WHAT IS IT ABOUT MARIJUANA that makes politicians hallucinate? The faintest whiff of “the weed of madness” (as government propaganda used to call it) causes them to see distorted images of things that aren’t there and never were: law and order, justice, reelection. But they don’t see the obvious. The war on drugs was lost years ago, and pretending otherwise only makes the problem worse.
Everything happened at once. Texans woke up to discover service stations running out of gasoline all over town. Highway travel was not the quick, easy bet it had been last year. At 55 miles an hour, motorists had the feeling that some giant hand had lifted Dallas and Houston and deposited them a good hundred miles farther apart.
"OH, YOU MUST COME. You simply must come," Becca Cason Thrash exclaimed. I had called her to see if I could get myself invited to the party she was throwing in April to benefit Houston's Stages Repertory Theatre. "We're calling the night 'A Celebration of American Fashion,'" she said, her voice as creamy as vichyssoise. "Anna Wintour [the editor in chief of Vogue] will be here, and some of the great American fashion designers are coming—Diane von Furstenberg, Mark Badgley and James Mischka, and Carmen Marc Valvo."
I assume the Secret Service agents will arrive first, checking out everyone in sight. But suddenly the door opens, and in she comes, all alone, dressed casually in an inexpensive gray dress with a matching cotton sweater, her sandy-blond hair held back with a rubber band.
“So is this okay? Mexican food?” asks Jenna Bush. “I figured it might make you feel more at home.”
Houston is the fourth-largest city in the United States. Of course, a city of this size offers a little bit of everything—professional sports, art, dining, shopping, clubs, theater, and more. Naturally, someone visiting Houston might need some direction from a person in the know (hey, I was born and raised there). Here's my take on fun things to do in H-town.
If there is one person who embodies Texas style, it is Lynn Wyatt. Tall and forever blond, glamorous without being pretentious, simultaneously sweet and shrewd, with arguably the most famous whiskey laugh in the world, she rose from a comfortable Houston childhood—her family started the Sakowitz specialty store chain—to become a global symbol of Texan hospitality and grace. In 1963 she married Oscar Wyatt, the infamous founder of Coastal Oil and Gas.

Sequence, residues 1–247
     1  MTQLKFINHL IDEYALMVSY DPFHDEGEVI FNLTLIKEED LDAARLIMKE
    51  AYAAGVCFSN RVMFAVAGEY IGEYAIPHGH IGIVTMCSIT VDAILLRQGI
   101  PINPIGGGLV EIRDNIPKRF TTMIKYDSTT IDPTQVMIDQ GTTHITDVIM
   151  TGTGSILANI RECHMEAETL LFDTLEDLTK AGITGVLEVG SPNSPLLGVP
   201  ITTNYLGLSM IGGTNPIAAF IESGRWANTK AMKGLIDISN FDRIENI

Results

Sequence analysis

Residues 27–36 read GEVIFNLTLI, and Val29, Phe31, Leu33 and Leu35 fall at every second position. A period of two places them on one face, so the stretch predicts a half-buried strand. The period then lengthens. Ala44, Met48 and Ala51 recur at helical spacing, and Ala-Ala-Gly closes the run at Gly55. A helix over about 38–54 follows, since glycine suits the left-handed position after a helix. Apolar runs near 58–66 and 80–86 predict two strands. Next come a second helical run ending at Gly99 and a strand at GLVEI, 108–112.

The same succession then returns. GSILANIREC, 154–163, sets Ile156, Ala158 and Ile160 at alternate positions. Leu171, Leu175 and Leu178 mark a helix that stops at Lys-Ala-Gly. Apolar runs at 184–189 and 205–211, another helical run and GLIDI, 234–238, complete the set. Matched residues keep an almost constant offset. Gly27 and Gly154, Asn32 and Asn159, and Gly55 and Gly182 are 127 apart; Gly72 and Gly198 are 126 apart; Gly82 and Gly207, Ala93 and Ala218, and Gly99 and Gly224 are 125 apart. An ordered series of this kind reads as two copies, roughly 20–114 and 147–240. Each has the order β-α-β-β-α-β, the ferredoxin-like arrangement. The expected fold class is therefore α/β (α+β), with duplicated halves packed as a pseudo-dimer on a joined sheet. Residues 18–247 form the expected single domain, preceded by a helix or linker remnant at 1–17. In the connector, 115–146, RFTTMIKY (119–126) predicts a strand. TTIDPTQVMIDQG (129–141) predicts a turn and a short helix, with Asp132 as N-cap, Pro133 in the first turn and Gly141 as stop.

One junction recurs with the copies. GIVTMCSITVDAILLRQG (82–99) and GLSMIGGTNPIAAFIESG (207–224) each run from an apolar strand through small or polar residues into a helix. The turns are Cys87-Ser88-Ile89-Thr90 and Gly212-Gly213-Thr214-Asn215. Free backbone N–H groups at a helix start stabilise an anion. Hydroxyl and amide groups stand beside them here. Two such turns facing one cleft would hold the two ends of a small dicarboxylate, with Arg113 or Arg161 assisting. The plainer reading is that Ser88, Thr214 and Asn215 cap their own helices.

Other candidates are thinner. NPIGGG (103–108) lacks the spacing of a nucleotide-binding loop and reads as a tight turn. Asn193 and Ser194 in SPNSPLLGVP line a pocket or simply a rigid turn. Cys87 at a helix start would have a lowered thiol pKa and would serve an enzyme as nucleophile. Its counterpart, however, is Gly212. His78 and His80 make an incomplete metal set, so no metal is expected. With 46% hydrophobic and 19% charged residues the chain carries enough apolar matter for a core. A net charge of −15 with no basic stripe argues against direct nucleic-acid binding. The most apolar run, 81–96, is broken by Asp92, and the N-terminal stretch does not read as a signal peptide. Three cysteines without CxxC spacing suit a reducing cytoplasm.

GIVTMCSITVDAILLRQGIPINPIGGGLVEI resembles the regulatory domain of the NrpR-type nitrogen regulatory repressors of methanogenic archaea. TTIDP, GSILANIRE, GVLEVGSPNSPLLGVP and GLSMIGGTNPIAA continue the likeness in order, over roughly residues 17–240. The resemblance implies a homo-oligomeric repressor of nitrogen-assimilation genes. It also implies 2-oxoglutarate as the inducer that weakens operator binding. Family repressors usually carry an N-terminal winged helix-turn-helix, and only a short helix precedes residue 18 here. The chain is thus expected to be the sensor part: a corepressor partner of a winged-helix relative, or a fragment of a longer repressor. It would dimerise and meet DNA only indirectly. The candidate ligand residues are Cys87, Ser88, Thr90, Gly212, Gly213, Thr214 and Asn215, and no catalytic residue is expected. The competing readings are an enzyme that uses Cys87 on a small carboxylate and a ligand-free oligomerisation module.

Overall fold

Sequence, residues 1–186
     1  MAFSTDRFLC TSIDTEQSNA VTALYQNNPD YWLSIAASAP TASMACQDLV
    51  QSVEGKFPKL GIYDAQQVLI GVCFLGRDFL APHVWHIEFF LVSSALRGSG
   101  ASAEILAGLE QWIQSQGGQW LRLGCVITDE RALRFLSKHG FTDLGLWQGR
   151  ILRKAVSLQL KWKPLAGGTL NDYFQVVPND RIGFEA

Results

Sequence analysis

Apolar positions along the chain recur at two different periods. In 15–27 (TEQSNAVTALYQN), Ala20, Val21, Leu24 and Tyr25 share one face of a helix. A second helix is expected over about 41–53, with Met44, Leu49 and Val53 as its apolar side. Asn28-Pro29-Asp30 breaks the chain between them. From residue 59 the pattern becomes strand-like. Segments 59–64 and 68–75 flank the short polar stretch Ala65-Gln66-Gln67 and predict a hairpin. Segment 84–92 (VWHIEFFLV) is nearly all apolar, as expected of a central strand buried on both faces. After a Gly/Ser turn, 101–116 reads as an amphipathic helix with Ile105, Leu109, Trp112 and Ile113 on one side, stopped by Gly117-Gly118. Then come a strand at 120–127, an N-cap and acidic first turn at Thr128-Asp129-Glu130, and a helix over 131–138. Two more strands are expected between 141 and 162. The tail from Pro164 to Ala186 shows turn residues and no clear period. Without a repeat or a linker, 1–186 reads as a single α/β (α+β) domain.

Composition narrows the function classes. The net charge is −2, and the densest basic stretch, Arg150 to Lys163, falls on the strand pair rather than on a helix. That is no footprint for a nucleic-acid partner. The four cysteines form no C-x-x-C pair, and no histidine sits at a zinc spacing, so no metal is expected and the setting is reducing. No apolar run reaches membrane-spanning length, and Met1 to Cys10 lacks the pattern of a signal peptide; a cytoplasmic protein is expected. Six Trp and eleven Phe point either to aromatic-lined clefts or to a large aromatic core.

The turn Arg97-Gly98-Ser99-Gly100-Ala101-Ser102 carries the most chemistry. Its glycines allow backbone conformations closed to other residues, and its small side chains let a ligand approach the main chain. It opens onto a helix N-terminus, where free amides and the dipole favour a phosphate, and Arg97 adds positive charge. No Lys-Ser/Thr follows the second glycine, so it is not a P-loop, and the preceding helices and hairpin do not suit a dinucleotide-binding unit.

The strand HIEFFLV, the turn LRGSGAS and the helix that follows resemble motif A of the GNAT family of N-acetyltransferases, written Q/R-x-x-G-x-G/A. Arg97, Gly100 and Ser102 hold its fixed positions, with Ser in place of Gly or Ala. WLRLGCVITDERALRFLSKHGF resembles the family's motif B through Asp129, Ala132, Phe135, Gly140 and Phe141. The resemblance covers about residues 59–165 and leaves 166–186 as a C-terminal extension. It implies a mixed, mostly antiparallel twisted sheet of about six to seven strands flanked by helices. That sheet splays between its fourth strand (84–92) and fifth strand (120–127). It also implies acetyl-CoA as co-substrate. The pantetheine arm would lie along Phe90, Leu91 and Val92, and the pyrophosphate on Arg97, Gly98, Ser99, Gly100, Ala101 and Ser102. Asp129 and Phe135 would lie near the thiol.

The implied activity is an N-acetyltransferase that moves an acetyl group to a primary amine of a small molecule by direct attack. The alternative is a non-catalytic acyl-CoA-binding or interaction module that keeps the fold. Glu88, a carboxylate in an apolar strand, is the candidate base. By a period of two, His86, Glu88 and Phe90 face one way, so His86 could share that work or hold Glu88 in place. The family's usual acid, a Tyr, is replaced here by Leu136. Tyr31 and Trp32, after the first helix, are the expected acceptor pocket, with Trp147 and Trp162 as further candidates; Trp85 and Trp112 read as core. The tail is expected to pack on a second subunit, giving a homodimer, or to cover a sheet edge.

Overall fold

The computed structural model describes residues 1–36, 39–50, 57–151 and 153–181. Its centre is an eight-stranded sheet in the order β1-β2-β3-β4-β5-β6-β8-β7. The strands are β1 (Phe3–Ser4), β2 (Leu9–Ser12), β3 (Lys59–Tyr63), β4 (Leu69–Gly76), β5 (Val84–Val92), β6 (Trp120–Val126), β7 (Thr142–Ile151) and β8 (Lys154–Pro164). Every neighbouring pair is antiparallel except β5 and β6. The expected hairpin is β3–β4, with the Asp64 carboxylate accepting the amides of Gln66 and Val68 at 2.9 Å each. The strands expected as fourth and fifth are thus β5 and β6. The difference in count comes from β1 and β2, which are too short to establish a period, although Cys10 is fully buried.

It was Saturday night in Dallas, and beneath the towering crystal chandeliers at the W hotel bar in Victory Park, personal concierge Gary Jackson was working three smartphones and two groups of clients on opposite sides of the city. Forty-four-year-old Jackson—known around town simply by his surname—gets you past the velvet rope.
Elvira Butz, a septuagenarian adventurer who has dived to the Titanic aboard a Russian submersible, trekked solo through the rainforests of Papua New Guinea, and searched for meteorites in Antarctica, spent the final minutes of December 21, 2012, the day the Mayans supposedly predicted the world would end, dancing to “Gangnam Style” at the base of a 30-foot replica of a Mayan pyramid built on the shore of Lake Austin.
One afternoon in early September, I pulled up to the gates of a nine-acre estate in North Dallas. I waited for them to open, then drove down a long, curving lane to a 15,254-square-foot mansion that looked like a country home for England’s royal family. I rang the doorbell, and a voice over the intercom said, “Please, come in.” But when I opened the door, there was no one to greet me.